To be exact 986.
I was asking men in a survey whether or not they had ever been depressed. If they had, would they ever tell anyone. Or seek treatment in some way. Medication. Therapy. If so, why. If not, why.
The answers I got? Some were expected. Some not at all.
What was fascinating were the comments. The things men wrote in. In either a space termed, “Other“. Or in a last section where we stated, “We might have missed something. Please tell us in your own words why you might or might not seek therapy, especially if you were really depressed or suicidal.”
The survey was included in the post “Real Men. More Suicide. What Will It Take For Men To Seek Help.” I reached male respondents through my Facebook page, the websites of wonderful blogger friends (listed below), and the vastly helpful support of The Good Men Project, who came on board with a bang. I further promoted to specific targeted groups on Facebook (using tags like pro football teams, hunting, fishing), hoping to balance out what I predicted would be skewed data (more men likely admitting depression.)
Thus this information is not “scientific.” This is far from a random, double-blind, controlled in any way study. But it’s information.
So here goes.
930 of you told us how old you were.
Teens: 1% 20s: 14% 30s: 18% 40s: 25% 50s: 24% 60s: 9% 70s: 2%
Heterosexual: 88% Non-heterosexual: 9%
95% of respondents stated they felt as if they had been depressed. This is a huge number obviously and does not correspond to what is found in common research literature. It is probable that that people were more drawn to respond to this survey if they had been depressed. (Results continue after the survey image.)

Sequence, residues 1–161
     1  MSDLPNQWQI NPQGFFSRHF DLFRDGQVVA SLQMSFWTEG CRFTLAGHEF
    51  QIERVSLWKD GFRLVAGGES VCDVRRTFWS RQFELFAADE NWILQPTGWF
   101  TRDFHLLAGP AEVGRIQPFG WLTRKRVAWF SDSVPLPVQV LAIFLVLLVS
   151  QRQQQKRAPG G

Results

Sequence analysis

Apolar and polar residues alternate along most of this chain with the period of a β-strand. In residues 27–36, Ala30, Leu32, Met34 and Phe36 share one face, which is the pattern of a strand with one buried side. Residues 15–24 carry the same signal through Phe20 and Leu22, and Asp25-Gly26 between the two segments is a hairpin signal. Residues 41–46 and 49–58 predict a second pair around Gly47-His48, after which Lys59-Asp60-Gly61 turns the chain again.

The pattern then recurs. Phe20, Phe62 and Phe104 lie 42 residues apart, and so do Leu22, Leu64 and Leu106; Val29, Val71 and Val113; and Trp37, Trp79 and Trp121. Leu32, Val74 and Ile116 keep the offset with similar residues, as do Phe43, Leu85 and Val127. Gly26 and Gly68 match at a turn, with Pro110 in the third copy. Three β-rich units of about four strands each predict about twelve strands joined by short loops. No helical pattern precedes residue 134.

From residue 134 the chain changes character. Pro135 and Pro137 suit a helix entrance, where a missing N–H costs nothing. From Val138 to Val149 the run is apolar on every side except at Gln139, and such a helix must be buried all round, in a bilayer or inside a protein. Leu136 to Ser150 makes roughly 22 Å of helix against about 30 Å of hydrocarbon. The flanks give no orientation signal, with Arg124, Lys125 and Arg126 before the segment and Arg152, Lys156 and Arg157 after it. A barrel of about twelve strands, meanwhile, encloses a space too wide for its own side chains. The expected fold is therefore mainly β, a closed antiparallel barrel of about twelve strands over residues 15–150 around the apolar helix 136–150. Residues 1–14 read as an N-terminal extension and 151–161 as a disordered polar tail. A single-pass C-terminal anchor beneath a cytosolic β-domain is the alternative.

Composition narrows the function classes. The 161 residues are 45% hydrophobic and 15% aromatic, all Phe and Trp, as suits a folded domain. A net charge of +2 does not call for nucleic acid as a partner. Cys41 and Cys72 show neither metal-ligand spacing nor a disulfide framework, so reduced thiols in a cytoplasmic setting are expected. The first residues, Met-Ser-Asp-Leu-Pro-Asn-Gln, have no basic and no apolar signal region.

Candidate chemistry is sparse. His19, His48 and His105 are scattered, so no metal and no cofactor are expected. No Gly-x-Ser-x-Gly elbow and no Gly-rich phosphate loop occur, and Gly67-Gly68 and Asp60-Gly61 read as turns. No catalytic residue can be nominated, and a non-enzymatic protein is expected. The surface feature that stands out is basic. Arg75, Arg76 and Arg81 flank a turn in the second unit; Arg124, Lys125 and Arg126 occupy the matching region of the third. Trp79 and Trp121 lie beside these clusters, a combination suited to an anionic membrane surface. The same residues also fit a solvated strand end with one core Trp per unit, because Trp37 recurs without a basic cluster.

I don’t want to discount this entirely. Self-report measures (used in most depression research) may likely under-assess depression, due to its reliance on being open about reporting. Given that so many of these respondents would admit depression, it was incredibly interesting that so many within the group would not seek treatment.
37% would tell a family physician and seek medication. But 34% would not and 28% would go but would not accept medication.
28% would not consider therapy, with the largest majority of those being men in their 40’s and 50’s (34% and 29%, respectively). The same groups that the initial post stated were killing themselves in greater numbers.
So why? What are the reasons behind it?
The major reasons a guy would not tell anyone.
“I believe I can get over it myself.” 59%. Top reason.
“I would think I was weak. Less of a man.” 36%.
Self-determination and a perception that reaching out for help equates with fragility is what is driving the boat here.
Why would you go or why have you gone into therapy?
“I am (or was) at my wit’s end. I was tired of feeling this way.” 46%.
“I realized that my symptoms were having a negative impact on others.” 39%.
This was a wonderful and meaningful finding. Men care deeply about their families and their loved ones. If he truly can’t solve the problem himself, and can see that others are suffering along with him, he would be able to do what is perhaps not easy. Seek treatment.